Walsh then settled the underlying action and filed suit in federal district court, alleging that National Union breached its duty to defend and indemnify against the allegations of the Third Amended Complaint. National Union made a motion to dismiss under Federal Rule of Civil Procedure 12(b)(6), arguing that claim and issue preclusion barred Walsh's suit. The district court treated National Union's motion as a request for summary judgment, see Fed.R.Civ.P. 12(b), found that issue preclusion applied, and did not reach the question of claim preclusion. We review this grant of summary judgment de novo. See Roboserve, Inc. v. Kato Kagaku Co., 121 F.3d 1027, 1034 (7th Cir.1997). And, as will become clear, we take an approach different from that of the district court: we find that Walsh's suit is barred by claim preclusion and do not reach the question of issue preclusion.
Since an Illinois court issued the declaratory judgment, we look to the law of that state to determine whether claim preclusion (res judicata) bars Walsh's claim. See Whitaker v. Ameritech Corp., 129 F.3d 952, 955 (7th Cir.1997); 28 U.S.C. § 1738. Under Illinois law, res judicata applies when (1) there was a final judgment on the merits by a court of competent jurisdiction; (2) there is an identity of cause of action; and (3) there is an identity of parties or their privies. See id.; Rein v. David A. Noyes & Co., 172 Ill.2d 325, 216 Ill.Dec. 642, 665 N.E.2d 1199, 1204 (1996). Further, claim preclusion applies to issues that were actually decided or could have been decided in the original suit. See Whitaker, 129 F.3d at 956; Rein, 216 Ill.Dec. 642, 665 N.E.2d at 1204. This is “tantamount to a rule requiring parties to consolidate all closely related matters into one suit,” Hagee v. City of Evanston, 729 F.2d 510, 514 (7th Cir.1984), and therefore serves the interest of judicial economy by preventing piecemeal litigation.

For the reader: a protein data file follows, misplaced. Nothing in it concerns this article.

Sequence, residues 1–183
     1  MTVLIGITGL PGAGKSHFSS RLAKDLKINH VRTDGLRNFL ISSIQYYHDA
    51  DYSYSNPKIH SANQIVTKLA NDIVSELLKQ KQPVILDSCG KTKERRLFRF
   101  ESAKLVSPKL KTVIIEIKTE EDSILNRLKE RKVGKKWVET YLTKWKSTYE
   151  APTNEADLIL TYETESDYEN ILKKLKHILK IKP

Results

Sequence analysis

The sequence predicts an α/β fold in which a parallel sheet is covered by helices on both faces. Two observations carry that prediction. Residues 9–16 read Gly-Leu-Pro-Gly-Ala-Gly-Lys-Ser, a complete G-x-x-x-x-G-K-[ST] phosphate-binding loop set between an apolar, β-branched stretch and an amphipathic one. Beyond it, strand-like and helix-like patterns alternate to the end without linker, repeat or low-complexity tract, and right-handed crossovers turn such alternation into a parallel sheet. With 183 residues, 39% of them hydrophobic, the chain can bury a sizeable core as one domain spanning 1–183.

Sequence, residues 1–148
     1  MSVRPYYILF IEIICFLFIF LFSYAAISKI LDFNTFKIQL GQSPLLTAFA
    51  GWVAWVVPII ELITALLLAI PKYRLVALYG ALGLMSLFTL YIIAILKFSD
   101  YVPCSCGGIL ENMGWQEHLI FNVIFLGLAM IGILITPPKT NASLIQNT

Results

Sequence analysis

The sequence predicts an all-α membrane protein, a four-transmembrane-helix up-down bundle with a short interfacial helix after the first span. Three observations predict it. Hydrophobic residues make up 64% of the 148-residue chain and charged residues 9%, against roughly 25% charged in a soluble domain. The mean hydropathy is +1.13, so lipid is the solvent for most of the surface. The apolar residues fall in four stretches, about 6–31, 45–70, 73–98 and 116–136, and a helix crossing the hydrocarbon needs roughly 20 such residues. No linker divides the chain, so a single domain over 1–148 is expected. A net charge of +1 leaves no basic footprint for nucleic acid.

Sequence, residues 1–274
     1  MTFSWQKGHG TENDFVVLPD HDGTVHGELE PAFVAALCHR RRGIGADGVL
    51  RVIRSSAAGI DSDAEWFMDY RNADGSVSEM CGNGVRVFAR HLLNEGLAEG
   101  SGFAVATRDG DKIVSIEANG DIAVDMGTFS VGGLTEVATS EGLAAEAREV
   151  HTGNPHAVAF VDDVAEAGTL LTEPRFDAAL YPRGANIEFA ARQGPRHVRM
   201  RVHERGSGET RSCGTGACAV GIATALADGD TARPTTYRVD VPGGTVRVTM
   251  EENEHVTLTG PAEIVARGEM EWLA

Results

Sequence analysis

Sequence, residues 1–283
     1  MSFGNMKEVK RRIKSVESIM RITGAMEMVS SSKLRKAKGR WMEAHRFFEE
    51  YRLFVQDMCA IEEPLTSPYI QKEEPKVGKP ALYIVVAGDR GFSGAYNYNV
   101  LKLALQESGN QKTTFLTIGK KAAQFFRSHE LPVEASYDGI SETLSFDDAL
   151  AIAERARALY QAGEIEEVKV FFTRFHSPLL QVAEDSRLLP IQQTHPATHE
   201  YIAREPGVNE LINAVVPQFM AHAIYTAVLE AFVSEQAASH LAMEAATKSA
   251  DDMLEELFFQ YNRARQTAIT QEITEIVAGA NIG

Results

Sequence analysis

Walsh and National Union present themselves as disputing whether Walsh's federal suit involves the same cause of action as the case decided in the state court. See, e.g., Appellee's Br. at 23. Interestingly, however, neither party discusses the “same evidence test” or the “transactional test”-the two methods that Illinois uses to determine when cases involve the same cause of action. See Whitaker, 129 F.3d at 956; Rodgers v. St. Mary's Hosp. of Decatur, 149 Ill.2d 302, 173 Ill.Dec. 642, 597 N.E.2d 616, 621 (1992). Perhaps this is because the disagreement between the parties is more accurately described as a dispute over whether Walsh could have resolved the issues surrounding the Third Amended Complaint in the state court proceeding. Indeed, the crux of Walsh's argument against the application of res judicata is that “[i]n the present case, the Third Amended Complaint creates a new cause of action against National Union because it raises new issues triggering National Union's duty to defend, which could not have been litigated in the earlier action because the Third Amended Complaint had not been filed.” Reply Br. at 12 n. 6 (emphasis added). National Union, on the other hand, stresses that “Walsh could have and should have raised in the state courts the issue it seeks to raise” in federal court. Appellee's Br. at 29 (emphasis in original). Thus the question we confront on appeal is whether Walsh had a prior opportunity to argue that the negligence count in the Third Amended Complaint triggered National Union's duty to defend and indemnify.